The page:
Research Article

Korean Journal of Plant Resources. December 2019. 730-734


  • Introduction

  • Materials and Methods

  •   Plant material

  •   Surface-sterilization of plant materials

  •   In vitro microropagation and examination of microorganisms

  • Results and Discussion

  •   Establishment of suitable surface-sterilization in Korean native lily species

  •   Examination of the non-contamination in adventitious bulbs


Plant genetic resources are important for agriculture, food security and agro-biodiversity as valuable genetic materials and potential value (Kaviani, 2011), and are generally conserved in genebanks or field as seed and tissue samples and in the wild areas, which is they grown (Matsumoto, 2017). Plant genetic resources conservation has become increasingly important as more plants have become threatened or rare.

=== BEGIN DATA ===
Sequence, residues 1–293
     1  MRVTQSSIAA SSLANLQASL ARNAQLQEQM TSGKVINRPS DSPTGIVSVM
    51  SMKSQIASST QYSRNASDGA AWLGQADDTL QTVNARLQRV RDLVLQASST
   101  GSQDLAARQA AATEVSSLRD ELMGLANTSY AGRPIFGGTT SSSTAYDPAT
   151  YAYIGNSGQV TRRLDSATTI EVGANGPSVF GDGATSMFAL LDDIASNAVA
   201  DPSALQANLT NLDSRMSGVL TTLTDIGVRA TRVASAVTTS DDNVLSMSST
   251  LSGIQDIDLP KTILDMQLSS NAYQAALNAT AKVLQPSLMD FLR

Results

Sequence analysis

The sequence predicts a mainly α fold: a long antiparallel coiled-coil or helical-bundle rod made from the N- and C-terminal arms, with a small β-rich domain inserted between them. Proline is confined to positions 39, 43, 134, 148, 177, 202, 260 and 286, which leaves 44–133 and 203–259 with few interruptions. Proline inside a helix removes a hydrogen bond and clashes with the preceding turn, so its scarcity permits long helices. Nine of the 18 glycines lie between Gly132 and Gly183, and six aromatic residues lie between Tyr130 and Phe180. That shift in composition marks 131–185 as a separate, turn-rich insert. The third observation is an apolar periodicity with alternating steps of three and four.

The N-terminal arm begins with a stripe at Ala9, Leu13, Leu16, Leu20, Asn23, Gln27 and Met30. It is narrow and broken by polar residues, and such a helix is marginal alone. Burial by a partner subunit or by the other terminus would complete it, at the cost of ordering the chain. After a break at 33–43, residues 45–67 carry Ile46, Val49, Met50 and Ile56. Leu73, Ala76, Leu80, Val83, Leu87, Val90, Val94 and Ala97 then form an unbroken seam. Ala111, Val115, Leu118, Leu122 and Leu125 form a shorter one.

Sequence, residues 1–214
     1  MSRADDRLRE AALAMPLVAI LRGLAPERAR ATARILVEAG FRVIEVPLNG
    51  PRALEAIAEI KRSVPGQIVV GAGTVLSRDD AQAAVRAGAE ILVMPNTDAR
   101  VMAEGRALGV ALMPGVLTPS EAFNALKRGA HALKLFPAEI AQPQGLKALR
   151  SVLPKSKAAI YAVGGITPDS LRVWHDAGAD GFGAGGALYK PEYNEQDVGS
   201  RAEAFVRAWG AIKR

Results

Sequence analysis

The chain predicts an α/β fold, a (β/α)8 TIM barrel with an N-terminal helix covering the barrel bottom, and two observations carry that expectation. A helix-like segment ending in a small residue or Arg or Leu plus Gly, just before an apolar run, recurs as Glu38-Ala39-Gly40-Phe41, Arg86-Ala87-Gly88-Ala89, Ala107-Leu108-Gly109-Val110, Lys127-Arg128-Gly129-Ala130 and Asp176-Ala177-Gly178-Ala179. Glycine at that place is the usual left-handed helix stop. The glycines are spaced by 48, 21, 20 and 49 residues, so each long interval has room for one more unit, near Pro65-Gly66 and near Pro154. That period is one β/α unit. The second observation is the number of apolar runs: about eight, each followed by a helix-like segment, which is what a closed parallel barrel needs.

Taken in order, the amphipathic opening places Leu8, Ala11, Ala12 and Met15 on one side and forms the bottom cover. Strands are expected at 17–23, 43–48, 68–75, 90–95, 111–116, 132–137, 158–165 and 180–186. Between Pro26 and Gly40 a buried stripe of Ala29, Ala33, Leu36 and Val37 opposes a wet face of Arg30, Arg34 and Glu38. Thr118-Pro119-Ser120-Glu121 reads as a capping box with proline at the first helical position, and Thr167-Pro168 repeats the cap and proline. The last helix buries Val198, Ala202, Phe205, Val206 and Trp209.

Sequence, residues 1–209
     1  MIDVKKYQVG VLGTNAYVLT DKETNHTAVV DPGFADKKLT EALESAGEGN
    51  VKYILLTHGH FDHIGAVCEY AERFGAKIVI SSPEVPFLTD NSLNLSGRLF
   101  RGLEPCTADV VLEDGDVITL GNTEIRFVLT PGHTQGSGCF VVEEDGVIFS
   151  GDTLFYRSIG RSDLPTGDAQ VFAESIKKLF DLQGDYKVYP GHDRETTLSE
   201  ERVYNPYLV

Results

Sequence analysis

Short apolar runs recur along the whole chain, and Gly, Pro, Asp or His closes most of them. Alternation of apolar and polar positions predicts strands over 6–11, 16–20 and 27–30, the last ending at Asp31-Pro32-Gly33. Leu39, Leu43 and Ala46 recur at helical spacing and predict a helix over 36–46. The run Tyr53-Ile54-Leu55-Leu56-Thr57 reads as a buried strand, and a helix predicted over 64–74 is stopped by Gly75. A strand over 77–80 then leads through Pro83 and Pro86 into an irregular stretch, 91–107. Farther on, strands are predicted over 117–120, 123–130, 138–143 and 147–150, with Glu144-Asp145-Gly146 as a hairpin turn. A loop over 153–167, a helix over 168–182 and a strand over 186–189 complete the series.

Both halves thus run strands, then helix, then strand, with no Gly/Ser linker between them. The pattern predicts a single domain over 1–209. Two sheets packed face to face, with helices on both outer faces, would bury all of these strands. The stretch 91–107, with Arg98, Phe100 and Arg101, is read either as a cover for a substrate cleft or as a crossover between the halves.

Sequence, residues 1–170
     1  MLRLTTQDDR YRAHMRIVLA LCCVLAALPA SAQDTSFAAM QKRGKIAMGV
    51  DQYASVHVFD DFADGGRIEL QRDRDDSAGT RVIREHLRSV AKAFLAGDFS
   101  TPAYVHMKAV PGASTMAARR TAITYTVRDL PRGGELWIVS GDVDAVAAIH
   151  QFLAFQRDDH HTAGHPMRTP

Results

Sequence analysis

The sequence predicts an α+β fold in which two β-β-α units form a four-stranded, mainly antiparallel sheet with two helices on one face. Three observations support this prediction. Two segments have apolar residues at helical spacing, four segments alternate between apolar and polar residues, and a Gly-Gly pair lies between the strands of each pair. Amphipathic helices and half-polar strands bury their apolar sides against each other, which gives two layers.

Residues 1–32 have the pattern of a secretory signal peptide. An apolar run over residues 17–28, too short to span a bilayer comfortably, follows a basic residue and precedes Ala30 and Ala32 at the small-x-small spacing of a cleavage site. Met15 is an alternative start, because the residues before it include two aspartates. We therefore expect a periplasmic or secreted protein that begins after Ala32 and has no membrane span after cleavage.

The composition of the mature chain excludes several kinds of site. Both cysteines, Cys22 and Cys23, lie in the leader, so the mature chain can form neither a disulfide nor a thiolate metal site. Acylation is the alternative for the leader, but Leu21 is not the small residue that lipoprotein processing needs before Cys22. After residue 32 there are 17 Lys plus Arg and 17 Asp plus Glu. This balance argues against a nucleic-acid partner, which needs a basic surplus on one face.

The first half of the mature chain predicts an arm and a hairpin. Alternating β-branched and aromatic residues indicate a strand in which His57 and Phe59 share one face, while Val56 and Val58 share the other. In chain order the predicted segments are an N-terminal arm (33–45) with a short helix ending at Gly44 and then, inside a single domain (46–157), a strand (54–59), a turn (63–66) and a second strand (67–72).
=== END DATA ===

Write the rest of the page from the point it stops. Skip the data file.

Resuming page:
Lily, a member of the genus Lilium, is globally one of the most economically important ornamental crops used for flowers in many countries (Xia et al., 2006). There are many lilies germplasm and approximately 15 native Lilium species are distributed in Korea (Kim, 2008). Most native lilies have specific characteristics such as flower shapes, colors and disease-resistance, hence the indigenous lily species has considerable competitiveness and has very high development value. The genus Lilium is facing a serious threat of genetic erosion due to weak immune system against pathogens and pests, and climate change. It is not always possible to preserve under natural conditions. Preservation in field collections is labor intensive and there is the risk of loss from diseases, adverse weather and other factors. In vitro tissue culture conservation is susceptible to contamination and somaclonal variation (Chen et al., 2011). Cryopreservation is one of the ideal and suitable methods for long-term storage of plant germplasm resources (Wang and Perl, 2006; Yi et al., 2018). In the past several decades, several storage strategies for cryopreservation have been developed, such as droplet- vitrification method (Kim et al., 2010; Leunufna and Keller, 2003) and encapsulation-vitrification method (Hirai and Sakai, 1999). For cryopreservation of plant genetic resources, first of all, it is important to acquire the disease-free tissues before cryopreservation. The plant contaminated with diseases and pathogens are decreased the multiplication, survival and regeneration rate, and high quality of plant genetic resources after cryopreservation (Wang and Valkonen, 2009). In vitro culture of Korean native lilies has been tried the factors affecting regeneration ability, multiplication and growth in L. lancifolium, L. callosum, and L. hansonii (Goo et al., 2004; Kim et al., 1995; Paek and Shin, 1983; Park et al., 1998). Also, for the preservation of long-term low temperature, the lilies have been cryopreserved by encapsulation- dehydration, vitrification and droplet-vitrification in several previous studies (Bouman et al., 2003; Chen et al., 2007; Chen et al., 2011; Matsumoto et al., 1995; Zhang et al., 2004). Nevertheless, many researchers are still trying to increase the lilies regrowth rate or apply it to a wider range of lily native species and cultivars. Establishment of efficient plant regeneration for cryopreservation is a basic requirement. From valuable preservation point of genetic resource of view, disease-free propagation method would provide to be the fastest for the increasing of regeneration rate for Lilium cryopreservation. Until now, there are very fewer studies that have been focused on in vitro micropropagation for the production of disease-free propagation in Korean native species (Jin et al., 2001). We tried to examine in vitro micropropagation of two Korean native species (L. hansonii and L. tsingtauense) belonging to section Martagon for the establishment of effective axenic cultures of Lilium.